In honor of the reportedly AWESOME new Anna Nicole Smith biopic that is scheduled to air this weekend on Lifetime, and which, as far as this Old Hooker is concerned, CANNOT AIR FAST ENOUGH…here is a piece I wrote about her shortly after her tragic death of a methadone overdose in February, 2007 — not knowing that just two weeks later, my own beautiful little sister, Julia, would unexpectedly die from the exact same cause:
For whatever else you might think about Anna Nicole Smith and her questionable methods regarding upward mobility — and perhaps even more questionable claims to legitimate fame — in the end she was nothing more than a working class girl and a teenage mother who clawed her way out of the abject poverty into which she was born…and for me, having done precisely the same, I just have to say that there is a part of me that understands exactly what compelled her. I understand the notion of reinvention; I have lived it. I AM living it.
For all the drugs, marriages, diets, centerfolds, and legal quagmires that her life had degenerated into — and gosh, what an epic trainwreck it was — I believe, in the end, she was nothing more than an extremely damaged and fragile human being…who simply could not move or breathe beyond the tragic death of the child to whom she had given birth while still a child herself and with whom she had consequently grown up. It was reported that when she awoke that morning in September of 2006 — just three days after giving birth to her second child, a daughter — and discovered her 20 year old son not breathing and unresponsive in the chair next to her bed, it took the doctors and hospital staff FOUR HOURS to pry her off his dead body. At his funeral, she demanded they open the coffin and then tried to climb inside. She said that, “If Daniel has to be buried, I want to be buried with him.” — and I have NO DOUBT that she TRULY MEANT IT WITH ALL OF HER SHATTERED HEART. That’s a biological thing, a cellular thing, an animal thing…and I understand it to the very core of my being. In fact, those same primitive urges ARE the very core of my being; they are every mother’s.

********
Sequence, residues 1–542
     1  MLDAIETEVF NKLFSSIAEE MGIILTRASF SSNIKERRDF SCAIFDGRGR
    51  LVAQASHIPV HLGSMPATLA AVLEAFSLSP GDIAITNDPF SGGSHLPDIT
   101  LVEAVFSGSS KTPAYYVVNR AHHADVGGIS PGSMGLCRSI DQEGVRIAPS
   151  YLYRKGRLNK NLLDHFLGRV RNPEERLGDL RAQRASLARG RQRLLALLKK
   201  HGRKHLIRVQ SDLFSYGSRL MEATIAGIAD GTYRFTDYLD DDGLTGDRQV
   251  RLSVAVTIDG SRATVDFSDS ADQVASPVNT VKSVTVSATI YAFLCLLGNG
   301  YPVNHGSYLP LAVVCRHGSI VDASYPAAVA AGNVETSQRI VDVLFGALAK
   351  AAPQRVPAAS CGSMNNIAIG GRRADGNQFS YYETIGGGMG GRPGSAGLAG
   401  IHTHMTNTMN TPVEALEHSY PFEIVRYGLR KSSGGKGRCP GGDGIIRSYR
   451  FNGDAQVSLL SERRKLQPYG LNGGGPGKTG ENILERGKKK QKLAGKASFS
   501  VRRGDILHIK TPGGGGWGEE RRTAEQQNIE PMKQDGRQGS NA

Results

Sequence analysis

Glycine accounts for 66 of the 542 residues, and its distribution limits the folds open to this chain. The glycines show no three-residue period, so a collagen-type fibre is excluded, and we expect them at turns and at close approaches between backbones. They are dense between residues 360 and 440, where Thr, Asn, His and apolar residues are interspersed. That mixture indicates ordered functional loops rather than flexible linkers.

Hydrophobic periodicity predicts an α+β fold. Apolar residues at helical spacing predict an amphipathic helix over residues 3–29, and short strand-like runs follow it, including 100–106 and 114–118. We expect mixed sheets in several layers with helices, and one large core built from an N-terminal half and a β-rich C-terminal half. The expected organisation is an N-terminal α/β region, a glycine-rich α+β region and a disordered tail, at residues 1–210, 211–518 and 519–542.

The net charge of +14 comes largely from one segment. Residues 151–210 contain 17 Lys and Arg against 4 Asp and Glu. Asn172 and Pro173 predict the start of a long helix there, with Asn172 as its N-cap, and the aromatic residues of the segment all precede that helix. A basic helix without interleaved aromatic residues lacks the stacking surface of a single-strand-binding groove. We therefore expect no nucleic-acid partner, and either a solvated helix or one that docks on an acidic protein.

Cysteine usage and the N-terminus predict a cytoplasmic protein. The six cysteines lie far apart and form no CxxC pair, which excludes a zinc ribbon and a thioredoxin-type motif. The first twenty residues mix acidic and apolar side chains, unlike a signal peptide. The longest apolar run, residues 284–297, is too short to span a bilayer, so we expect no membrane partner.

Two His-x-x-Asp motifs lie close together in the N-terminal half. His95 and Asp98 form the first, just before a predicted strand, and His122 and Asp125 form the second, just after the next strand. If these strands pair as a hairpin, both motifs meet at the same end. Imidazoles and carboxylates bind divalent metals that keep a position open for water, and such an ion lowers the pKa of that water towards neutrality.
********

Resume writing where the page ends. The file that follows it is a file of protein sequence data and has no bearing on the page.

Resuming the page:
In the end, there are some wounds that can never be healed, some pain that can never be comforted, some horror that can never be forgotten, and some places from which you can never return.
I hope she finds the peace in death that she never, ever knew in life — and that wherever she is, she is with her treasured son and that she feels safe and secure and thin enough and good enough…and loved. At last.